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Masters Degrees (Sensory)

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The Sensory Systems, Technologies & Therapies (SenSyT) MRes programme was devised in consultation with industry partners developing treatments for sensory disorders. Read more

The Sensory Systems, Technologies & Therapies (SenSyT) MRes programme was devised in consultation with industry partners developing treatments for sensory disorders. It is an innovative biomedical and translational sciences programme intended for students pursuing a career in academia or in the pharmaceutical and biotechnology industrial sectors.

About this degree

Through a major year-long research project and supplemental coursework, students will learn to conduct cutting-edge research aimed at understanding fundamental principles of sensory systems function and/or developing novel technologies and therapies for sensory disorders, such as deafness and blindness.

Students undertake modules to the value of 180 credits.

The programme consists of three core modules (45 credits), one optional module (15 credits) and a research project with dissertation/report (120 credits).

Core modules

  • Introduction to Sensory Systems, Technologies & Therapies
  • Research in Practice
  • Translating Science into the Clinic

Optional modules

One optional module can be chosen from a group of appropriate modules currently offered at the UCL Ear Institute or at the UCL Institute of Ophthalmology, to provide more in-depth knowledge and understanding of particular issues in sensory systems research. Examples include:

  • Anatomy and Physiology of the Audiovestibular System
  • Auditory Biophysics and Electroacoustics
  • Ocular Cell Biology, Genetics and Epidemiology of Ocular Disease
  • Ocular Development in Health and Disease
  • Visual Neuroscience

Students may choose an alternative optional module from across UCL with prior approval of the Programme Director, provided that it aligns with the topic of the extended research project.

Dissertation/report

All students undertake a year-long independent research project which culminates in a dissertation of 15,000 words.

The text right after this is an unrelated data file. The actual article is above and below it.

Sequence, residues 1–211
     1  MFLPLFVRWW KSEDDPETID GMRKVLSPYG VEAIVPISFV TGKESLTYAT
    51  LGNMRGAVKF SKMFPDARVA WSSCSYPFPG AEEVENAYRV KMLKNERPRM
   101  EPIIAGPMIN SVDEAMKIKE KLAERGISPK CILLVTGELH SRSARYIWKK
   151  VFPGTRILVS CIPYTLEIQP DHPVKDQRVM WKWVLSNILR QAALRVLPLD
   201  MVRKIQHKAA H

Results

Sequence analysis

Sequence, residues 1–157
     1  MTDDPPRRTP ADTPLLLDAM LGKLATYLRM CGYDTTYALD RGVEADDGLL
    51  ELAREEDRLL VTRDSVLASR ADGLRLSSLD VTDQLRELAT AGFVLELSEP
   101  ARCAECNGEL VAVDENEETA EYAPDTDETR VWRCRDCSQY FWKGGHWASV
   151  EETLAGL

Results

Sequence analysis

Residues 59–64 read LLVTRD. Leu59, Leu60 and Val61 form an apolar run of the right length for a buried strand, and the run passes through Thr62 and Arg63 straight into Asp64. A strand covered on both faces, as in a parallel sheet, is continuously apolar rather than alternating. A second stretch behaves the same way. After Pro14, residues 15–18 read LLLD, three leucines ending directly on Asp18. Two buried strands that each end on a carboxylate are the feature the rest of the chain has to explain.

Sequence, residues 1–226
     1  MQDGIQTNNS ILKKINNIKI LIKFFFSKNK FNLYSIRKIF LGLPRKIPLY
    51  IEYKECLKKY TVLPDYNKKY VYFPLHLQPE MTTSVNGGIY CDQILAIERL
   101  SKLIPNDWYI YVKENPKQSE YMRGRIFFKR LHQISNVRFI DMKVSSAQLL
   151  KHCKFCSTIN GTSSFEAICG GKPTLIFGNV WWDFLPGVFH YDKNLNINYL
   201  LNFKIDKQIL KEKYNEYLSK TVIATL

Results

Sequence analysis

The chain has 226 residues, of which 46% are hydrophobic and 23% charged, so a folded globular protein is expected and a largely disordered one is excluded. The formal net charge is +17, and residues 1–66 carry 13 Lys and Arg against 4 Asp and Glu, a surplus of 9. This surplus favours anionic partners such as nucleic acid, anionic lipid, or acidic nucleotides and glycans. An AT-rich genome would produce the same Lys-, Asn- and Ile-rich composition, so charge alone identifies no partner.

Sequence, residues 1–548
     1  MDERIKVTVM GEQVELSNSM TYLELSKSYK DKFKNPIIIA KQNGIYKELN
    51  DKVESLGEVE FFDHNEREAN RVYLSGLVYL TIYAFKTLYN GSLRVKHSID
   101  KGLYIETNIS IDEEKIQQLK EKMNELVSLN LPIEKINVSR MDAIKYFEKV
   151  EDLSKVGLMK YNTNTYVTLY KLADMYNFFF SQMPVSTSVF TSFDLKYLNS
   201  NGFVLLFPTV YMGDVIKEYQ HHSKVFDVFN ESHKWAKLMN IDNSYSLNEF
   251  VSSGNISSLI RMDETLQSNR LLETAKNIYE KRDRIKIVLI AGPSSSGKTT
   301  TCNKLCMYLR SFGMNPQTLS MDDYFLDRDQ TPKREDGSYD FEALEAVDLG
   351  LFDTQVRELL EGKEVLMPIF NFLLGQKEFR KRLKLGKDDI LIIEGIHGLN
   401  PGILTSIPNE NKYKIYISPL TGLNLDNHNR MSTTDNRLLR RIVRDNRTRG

Teaching and learning

The programme is delivered through a combination of lectures, tutorials, practicals, seminars, workshops, journal clubs, and an extended research project. Assessment is through coursework, oral presentations, essays, practicals, unseen written examinations, and research dissertation.

Further information on modules and degree structure is available on the department website: Sensory Systems, Technologies and Therapies MRes

Funding

For a comprehensive list of the funding opportunities available at UCL, including funding relevant to your nationality, please visit the Scholarships and Funding website.

Careers

The Sensory Systems, Technologies and Therapies MRes was devised in consultation not only with academic scientists pursuing cutting-edge research in sensory systems and therapies, but also with representatives from industries interested in developing new treatments for sensory disorders. The programme has therefore been designed with the intention of ensuring that successful graduates will be attractive candidates either for further PhD research or for jobs in the commercial sector (for example, in companies developing or marketing novel treatments for visual impairment or hearing loss).

Employability

Students will graduate with interdisciplinary training in sensory systems science; a good understanding of the clinical and commercial context for development of sensory systems technologies and therapies; and substantive experience with a cutting-edge research project.

Why study this degree at UCL?

UCL is among the world's top universities for biomedical research, with particular strength in neuroscience, sensory systems research, and translational studies. Students taking the Sensory Systems, Technologies and Therapies MRes will be based at the UCL Ear Institute, an internationally recognised centre for auditory research, and will also take core modules at the UCL Institute of Ophthalmology, one of the world's major centres for vision research.

MRes students will have access to potential research supervisors from across all UCL, and will benefit from interaction with students on the Sensory Systems, Technologies and Therapies MPhil/PhD. The Sensory Systems, Technologies and Therapies MRes will therefore provide students with outstanding opportunities to learn from and network with scientists, engineers, clinicians and students throughout the UCL community.



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Summary. Read more

Summary

This course aims to provide occupational therapists, physiotherapists and speech and language therapists with a career pathway to certification as an Advanced Practitioner of Sensory Integration, equivalent to or greater than the criteria adopted by the University of Southern California and Western Psychological Services in the delivery of their Sensory Integration training pathway, at a postgraduate, post-registration academic level. This is awarded by our partners, Sensory Integration Network.

It aims to provide practitioners with the opportunity to gain further enhanced knowledge and expertise required to apply current theories of sensory integration (SI) to everyday practice.

It aims to provide practitioners with an advanced theoretical basis for the management of people with SI dysfunction and will enable them to further enhance their skills in reviewing evidence to inform practice.

About